Code Reviews and Micromanagement
Are code reviews supposed to feel like micromanagement?
A New Team
Imagine you join a company, and it's not your first year as a developer, nor your first job. You feel confident with your coding style and have strong opinions. In the first week, you make your first pull request. One of the other seniors adds a lot of comments in the code review. You agree with some of them, but many of them are about style. You do the changes anyway because it’s your first PR, and you are new to the team.
The following PR is the same: many comments, most of them opinionated, and when you ask why the response is that it's better. After a few weeks, you still get a lot of comments. You don't understand the style of the project and get frustrated with yourself. You start losing confidence in your skills. Is your coding style so bad that it needs so many comments? Why can't you adapt well to the project standards?
At some point, you feel that every single line of code will be evaluated in a way you can't understand. You don’t get to choose how to code; you turn into a machine for making the changes someone asks. You are being micromanaged: none of the code is genuinely your code but someone else's.
Are code reviews supposed to feel like that?
Types of Comments
There are different types of comments in a CR.
- Requirements. Whether the code is completing the task or has the test coverage that the project needs.
- Future errors or problems. Some comments are about the future; for example, will a function become a performance problem, or is a function becoming impossible to read and maintain?
- Standards, conventions, style. Comments about clean code, or what the reviewer considers clean code. Most of these should be caught by a linter, yet some standards are too abstract for a linter rule.
Are all the types of comments equal? Do they all need to be addressed?
- Requirements. Comments about the requirements must be fixed and prevent a PR from merging. Yet, it's essential to understand the limitations of the PR and the task. Not every PR solves all requirements at once. For example, we might decide to code for the happy path first and then, in other PRs, manage the possible errors and edge cases. Still, the comments in this category are mostly objective, not opinions.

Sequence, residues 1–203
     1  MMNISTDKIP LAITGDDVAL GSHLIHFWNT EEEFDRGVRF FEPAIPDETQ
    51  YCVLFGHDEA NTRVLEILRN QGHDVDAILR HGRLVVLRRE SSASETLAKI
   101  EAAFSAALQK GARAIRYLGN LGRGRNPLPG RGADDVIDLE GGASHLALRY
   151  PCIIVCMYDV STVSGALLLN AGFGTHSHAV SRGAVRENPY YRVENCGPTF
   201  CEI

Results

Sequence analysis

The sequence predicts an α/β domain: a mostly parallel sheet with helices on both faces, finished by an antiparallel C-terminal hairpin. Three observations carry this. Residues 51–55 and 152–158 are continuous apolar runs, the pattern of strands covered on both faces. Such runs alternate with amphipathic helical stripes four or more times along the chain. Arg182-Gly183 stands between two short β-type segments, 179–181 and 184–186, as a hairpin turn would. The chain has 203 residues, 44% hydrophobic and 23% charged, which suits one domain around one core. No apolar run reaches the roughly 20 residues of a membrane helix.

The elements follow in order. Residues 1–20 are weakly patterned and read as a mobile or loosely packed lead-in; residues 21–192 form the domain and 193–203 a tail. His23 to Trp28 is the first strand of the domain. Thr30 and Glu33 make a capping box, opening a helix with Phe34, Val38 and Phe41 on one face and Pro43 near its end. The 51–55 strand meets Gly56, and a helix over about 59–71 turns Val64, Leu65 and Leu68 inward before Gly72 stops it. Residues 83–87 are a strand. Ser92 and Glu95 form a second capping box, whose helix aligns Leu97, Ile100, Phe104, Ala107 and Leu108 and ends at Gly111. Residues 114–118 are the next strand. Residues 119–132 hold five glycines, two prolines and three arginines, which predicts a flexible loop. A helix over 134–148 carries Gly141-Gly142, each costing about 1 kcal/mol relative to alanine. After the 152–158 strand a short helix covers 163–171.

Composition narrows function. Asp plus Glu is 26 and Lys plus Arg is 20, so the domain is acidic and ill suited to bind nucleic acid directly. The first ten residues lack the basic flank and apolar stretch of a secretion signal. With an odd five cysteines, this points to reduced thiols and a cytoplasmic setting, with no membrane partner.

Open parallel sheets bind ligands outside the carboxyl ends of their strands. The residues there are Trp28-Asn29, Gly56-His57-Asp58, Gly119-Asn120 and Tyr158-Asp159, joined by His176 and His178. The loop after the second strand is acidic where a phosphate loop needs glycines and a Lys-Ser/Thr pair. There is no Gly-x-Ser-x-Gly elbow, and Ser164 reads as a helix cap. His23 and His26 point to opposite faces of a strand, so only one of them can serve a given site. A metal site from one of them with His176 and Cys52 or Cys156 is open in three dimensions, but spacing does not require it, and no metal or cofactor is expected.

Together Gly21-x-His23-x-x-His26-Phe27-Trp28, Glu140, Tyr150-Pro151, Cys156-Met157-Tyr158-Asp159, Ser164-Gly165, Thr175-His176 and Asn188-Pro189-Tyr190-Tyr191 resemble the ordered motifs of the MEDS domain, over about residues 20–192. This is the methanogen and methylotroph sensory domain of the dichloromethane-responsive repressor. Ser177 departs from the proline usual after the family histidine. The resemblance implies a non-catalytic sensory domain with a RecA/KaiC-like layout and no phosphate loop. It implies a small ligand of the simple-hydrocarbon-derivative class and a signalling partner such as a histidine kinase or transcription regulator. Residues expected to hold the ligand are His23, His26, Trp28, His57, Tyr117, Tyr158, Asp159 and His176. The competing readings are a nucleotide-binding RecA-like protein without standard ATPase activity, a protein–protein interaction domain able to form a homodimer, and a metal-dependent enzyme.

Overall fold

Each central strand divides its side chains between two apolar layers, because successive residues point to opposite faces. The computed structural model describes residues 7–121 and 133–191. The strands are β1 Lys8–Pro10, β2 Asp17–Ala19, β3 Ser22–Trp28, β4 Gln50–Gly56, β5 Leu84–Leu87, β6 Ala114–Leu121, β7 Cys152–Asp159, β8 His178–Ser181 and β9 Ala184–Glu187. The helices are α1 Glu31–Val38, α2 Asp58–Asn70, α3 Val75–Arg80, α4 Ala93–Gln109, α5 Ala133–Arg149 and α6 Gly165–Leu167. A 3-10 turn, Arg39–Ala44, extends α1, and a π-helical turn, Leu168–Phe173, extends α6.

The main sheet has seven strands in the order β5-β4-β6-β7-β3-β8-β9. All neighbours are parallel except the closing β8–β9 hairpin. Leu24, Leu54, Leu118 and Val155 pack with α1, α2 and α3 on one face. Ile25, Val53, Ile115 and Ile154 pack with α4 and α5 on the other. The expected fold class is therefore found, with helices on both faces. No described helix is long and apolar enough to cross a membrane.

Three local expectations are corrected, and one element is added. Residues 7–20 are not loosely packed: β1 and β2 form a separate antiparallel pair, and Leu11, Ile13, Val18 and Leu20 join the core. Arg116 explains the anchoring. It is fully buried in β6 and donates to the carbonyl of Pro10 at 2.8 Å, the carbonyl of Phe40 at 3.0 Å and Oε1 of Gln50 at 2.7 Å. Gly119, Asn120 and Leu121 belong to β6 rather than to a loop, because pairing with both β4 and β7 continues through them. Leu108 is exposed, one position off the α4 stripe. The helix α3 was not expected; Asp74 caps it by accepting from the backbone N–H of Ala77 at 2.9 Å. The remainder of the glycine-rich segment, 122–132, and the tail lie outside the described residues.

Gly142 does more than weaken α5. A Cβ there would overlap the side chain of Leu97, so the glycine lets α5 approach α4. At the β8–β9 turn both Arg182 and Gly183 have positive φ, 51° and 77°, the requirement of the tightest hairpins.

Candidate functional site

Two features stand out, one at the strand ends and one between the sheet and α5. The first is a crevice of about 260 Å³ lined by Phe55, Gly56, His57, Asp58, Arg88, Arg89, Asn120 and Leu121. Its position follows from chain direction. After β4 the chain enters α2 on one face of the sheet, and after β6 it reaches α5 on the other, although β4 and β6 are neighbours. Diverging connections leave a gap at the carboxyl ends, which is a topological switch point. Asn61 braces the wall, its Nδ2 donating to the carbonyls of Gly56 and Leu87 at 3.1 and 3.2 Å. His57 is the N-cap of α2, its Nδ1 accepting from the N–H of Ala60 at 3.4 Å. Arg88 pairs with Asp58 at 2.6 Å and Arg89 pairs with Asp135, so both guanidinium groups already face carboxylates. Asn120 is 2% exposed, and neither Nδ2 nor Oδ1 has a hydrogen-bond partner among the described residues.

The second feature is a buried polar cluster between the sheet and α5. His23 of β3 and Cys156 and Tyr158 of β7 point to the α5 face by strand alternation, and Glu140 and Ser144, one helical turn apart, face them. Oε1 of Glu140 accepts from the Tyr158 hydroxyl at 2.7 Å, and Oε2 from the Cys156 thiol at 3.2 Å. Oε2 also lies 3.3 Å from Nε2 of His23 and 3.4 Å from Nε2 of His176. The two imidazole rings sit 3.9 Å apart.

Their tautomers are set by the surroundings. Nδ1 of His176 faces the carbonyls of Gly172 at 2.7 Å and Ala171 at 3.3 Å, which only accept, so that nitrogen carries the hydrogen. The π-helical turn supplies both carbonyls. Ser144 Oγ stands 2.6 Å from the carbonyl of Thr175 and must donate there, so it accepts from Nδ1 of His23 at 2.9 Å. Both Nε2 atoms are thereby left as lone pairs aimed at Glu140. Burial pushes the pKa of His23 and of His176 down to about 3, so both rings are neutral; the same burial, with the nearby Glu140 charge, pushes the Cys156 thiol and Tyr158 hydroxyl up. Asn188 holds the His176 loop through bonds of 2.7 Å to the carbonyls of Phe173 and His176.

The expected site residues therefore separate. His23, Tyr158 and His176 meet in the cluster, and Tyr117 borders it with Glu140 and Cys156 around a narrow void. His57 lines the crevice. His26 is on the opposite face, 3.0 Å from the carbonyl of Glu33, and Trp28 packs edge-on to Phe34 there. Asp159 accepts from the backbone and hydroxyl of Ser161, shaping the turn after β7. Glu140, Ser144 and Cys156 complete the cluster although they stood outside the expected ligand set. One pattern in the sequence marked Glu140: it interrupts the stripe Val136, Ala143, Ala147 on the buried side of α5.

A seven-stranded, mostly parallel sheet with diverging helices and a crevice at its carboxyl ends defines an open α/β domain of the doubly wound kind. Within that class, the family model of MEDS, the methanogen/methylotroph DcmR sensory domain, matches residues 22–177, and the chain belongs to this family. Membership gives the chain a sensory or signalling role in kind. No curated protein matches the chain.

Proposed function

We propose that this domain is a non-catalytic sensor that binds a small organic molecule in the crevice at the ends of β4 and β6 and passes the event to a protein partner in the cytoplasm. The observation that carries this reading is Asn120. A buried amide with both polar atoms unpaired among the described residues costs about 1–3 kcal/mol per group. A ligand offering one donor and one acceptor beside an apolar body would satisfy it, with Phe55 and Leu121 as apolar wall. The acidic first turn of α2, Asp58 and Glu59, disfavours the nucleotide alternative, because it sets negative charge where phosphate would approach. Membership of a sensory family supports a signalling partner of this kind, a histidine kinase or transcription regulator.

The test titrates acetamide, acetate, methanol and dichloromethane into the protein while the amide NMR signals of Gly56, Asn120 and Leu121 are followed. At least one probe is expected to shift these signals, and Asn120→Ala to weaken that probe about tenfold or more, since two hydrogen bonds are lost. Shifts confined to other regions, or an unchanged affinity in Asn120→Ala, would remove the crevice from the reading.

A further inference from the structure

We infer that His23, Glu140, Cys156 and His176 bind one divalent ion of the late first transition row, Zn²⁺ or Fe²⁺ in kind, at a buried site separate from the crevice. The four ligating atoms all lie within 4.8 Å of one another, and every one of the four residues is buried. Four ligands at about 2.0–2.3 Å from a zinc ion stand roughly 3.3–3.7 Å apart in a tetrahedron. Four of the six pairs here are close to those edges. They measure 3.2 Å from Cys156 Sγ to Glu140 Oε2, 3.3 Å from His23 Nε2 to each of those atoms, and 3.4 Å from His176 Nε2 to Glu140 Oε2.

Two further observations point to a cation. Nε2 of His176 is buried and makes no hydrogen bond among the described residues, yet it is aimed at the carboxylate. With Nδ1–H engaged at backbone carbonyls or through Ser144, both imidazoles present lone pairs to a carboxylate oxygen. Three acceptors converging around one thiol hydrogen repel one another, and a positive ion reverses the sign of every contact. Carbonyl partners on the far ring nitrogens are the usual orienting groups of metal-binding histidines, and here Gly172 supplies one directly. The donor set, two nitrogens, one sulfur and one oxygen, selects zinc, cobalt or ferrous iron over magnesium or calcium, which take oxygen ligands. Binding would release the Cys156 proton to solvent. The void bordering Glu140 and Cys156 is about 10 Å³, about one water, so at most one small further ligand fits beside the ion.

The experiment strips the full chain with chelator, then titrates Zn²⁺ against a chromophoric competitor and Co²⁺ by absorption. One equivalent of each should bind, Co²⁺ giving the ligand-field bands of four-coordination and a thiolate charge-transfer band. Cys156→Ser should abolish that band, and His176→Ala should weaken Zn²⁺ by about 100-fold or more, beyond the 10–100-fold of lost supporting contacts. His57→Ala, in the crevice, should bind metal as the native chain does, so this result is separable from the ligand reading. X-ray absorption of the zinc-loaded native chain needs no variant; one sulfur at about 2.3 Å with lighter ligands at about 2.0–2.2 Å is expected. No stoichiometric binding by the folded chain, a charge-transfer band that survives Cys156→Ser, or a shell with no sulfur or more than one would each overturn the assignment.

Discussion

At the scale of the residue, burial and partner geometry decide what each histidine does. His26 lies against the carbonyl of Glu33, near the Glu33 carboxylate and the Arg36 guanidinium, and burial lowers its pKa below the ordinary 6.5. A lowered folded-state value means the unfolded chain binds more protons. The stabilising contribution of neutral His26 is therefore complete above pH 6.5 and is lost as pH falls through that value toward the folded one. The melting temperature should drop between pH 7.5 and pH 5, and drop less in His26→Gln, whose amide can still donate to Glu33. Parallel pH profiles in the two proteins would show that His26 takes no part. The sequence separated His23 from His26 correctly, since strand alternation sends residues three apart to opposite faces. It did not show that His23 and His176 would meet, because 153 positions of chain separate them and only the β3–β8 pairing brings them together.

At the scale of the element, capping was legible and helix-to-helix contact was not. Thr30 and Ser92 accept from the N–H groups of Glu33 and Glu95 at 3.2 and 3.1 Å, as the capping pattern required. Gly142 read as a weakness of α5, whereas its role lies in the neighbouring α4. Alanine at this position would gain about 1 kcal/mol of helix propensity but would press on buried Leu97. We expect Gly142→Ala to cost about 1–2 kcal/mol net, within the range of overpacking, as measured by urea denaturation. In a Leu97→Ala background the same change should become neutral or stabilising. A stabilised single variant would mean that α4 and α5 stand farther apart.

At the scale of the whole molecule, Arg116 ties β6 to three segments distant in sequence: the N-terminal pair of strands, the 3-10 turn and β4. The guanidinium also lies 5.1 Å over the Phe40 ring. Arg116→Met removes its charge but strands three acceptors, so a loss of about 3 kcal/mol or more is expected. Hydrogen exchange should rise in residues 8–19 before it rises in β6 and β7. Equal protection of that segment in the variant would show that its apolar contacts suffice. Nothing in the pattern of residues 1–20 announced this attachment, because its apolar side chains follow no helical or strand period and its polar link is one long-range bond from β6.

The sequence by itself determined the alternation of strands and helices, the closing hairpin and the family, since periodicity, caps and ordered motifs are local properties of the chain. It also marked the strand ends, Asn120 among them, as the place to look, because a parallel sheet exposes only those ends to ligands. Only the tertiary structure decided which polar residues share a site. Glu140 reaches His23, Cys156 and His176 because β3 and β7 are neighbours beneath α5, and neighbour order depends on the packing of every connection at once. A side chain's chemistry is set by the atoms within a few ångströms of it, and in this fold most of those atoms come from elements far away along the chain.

- Future errors or problems. If the problem or error is clearly stated, then it’s easily assessed whether it's something that needs to be solved now or later. The changes requested of this type are also primarily objective.
- Standards, conventions, and style. Some standards and conventions are objective rules, such as naming (camel vs snake cases). Yet, many comments in this category are opinionated. For example, why should a function be split in two if it's still readable and maintainable? What is readable and maintainable?
I set the bar of micromanagement in the last category. In my opinion, CRs start to feel like micromanagement when many comments are about opinionated style.
Yet, most people agree that a project needs a consistent style and should not just be a mix of each developer's preferences. So, how do we ensure that a project stays consistent without micromanaging?
Solution: Document the Project Style
Write down the standards, conventions, and style of the project. Then, if each comment is backed up by a link to the specific entrance in the style book, it becomes an objective comment. Therefore, it doesn't feel like micromanagement.
An example of such a rule is: “Function helpers throw instead of returning wrong or empty data.” This rule is hard to implement in linter. Yet, still objective enough to be easily identified in a CR.
Micromanagement in code reviews happens when the reviewer tries to impose their style on the other developer.
Documenting the coding style conventions turns opinionated comments into objective ones that don't feel personal. Therefore, the developers don’t feel micromanaged. And when a new developer joins the team, the style is easily understood, and the new member will have a better experience and a faster onboarding.
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And thanks to Sebastià and Michal for reviewing this article 🙏